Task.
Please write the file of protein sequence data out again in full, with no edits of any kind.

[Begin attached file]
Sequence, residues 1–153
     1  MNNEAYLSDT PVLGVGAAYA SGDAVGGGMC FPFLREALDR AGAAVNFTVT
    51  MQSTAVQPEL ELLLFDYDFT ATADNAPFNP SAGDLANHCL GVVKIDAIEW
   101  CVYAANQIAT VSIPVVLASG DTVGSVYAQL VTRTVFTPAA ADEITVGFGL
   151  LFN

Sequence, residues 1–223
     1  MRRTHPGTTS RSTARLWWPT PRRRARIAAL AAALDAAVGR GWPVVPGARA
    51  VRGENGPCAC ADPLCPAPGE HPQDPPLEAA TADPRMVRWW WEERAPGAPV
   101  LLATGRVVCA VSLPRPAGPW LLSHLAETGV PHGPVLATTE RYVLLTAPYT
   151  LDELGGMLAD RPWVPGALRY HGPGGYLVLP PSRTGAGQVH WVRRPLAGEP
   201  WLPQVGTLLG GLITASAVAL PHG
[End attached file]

Sequence, residues 1–153
     1  MNNEAYLSDT PVLGVGAAYA SGDAVGGGMC FPFLREALDR AGAAVNFTVT
    51  MQSTAVQPEL ELLLFDYDFT ATADNAPFNP SAGDLANHCL GVVKIDAIEW
   101  CVYAANQIAT VSIPVVLASG DTVGSVYAQL VTRTVFTPAA ADEITVGFGL
   151  LFN

Sequence, residues 1–223
     1  MRRTHPGTTS RSTARLWWPT PRRRARIAAL AAALDAAVGR GWPVVPGARA
    51  VRGENGPCAC ADPLCPAPGE HPQDPPLEAA TADPRMVRWW WEERAPGAPV
   101  LLATGRVVCA VSLPRPAGPW LLSHLAETGV PHGPVLATTE RYVLLTAPYT
   151  LDELGGMLAD RPWVPGALRY HGPGGYLVLP PSRTGAGQVH WVRRPLAGEP
   201  WLPQVGTLLG GLITASAVAL PHG